Photographs of My Father: 
A Lost Narrative from the Civil Rights Era 
A Memoir By Paul Spike 

Paul Auster, On His Friend's Compelling Memoir:

“The way Paul Spike’s narrative sings and howls and spins around in a fury of raw emotion is likewise unforgettable. So unforgettable that I felt my heart was breaking when I came to the end.” 

LISTEN: Paul Spike talks with BBC Radios Libby Purveas about how his fathers fight for Civil Rights shaped his memoir. 

Who was the Reverend Robert W. Spike?

After Reverend Spike’s death, Martin Luther King said, “He was one of those rare individuals who sought at every point to make religion relevant to the social issues of our time. He lifted religion from the stagnant arena of pious irrelevancies and sanctimonious trivialities...We will always remember his unswerving devotion to the legitimate aspirations of oppressed people for freedom and human dignity. It was my personal pleasure and sacred privilege to work closely with him in various undertakings.”

Yet, the federal, state or local governments spent little effort to find Robert Spike’s murderer. Instead, the Columbus police spun a story about a homosexual liaison gone awry. It was an easy answer. Especially in 1966. But colleagues in the Civil Rights movement believed it was a political assassination.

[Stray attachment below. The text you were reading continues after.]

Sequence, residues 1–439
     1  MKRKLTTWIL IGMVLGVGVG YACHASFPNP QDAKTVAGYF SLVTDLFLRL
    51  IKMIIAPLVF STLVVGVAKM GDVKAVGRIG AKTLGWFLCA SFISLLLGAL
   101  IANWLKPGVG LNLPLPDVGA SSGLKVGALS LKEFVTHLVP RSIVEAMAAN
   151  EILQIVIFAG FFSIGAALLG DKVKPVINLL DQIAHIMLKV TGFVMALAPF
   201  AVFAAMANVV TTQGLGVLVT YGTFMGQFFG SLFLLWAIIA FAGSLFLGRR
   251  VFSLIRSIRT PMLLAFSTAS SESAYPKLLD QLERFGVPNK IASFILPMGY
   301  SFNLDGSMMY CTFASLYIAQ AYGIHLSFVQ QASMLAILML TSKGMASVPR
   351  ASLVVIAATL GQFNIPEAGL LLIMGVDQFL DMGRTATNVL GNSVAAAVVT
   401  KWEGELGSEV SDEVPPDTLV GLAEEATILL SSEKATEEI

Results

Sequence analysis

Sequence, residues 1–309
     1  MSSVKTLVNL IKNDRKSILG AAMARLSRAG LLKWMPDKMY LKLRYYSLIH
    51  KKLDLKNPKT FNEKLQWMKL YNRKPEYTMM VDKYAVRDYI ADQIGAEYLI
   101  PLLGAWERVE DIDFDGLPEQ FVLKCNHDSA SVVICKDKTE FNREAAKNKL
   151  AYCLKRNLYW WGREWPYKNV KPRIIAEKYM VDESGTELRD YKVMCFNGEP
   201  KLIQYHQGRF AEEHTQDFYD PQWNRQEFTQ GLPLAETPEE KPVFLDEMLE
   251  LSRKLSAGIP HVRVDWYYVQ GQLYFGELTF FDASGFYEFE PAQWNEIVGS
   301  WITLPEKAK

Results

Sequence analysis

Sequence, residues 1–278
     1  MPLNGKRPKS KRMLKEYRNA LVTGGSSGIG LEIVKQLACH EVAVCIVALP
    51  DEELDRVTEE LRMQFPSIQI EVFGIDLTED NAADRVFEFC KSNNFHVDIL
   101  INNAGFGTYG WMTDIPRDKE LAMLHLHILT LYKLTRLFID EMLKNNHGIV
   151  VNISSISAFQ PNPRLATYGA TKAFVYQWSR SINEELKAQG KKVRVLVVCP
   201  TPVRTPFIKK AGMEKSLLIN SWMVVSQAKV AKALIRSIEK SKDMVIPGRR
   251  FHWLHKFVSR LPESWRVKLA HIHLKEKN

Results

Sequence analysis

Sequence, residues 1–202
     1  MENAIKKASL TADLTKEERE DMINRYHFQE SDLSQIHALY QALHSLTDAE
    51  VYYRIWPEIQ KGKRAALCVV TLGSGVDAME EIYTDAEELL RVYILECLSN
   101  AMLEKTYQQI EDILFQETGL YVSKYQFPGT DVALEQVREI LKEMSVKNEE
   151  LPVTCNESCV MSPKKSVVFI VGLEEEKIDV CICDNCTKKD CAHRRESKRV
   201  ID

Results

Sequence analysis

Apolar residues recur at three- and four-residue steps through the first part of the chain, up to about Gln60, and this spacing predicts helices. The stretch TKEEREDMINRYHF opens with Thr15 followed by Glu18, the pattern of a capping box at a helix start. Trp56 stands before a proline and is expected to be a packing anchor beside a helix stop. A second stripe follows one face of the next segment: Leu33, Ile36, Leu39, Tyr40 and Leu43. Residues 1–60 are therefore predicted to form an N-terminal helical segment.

“We don’t believe these assassinations are an accident. We believe there is a conspiracy. Too many of our important leaders have been assassinated: John F. Kennedy, his brother Robert, Dr. King, Robert Spike ... ” Hosea Williams, trusted member of Martin Luther King’s inner circle in the Southern Christian Leadership Conference

Robert Spike’s son Paul agrees. In the Afterword of this edition of Photographs of My Father, he cites new evidence about his father’s murder that he hopes will lead to a fresh investigation and a renewed effort to bring justice to one of the least known but most important American churchmen of the 20th century.

Now, 50 years after the murder of his father, Paul watches the police killings of black men in America and he wants to know what happened to the social conscience of the America​’s mainstream​ churches. “Why have so many of the mainstream churches​ run away from ​my father’s​ living sacrifice? I feel they have betrayed his legacy.”

A Celebration of Rev. Spike’s Life

On Sunday, October 16th, 2016, at their 11 a.m. service, New York City’s Judson Memorial Church will celebrate the legacy of Robert Spike, who served as minister there from 1949 to 1955. All are welcome to attend. Read more on Rev. Spike’s contribution to the community. 

Photographs of My Father

Available In Paperback, eBook and Audiobook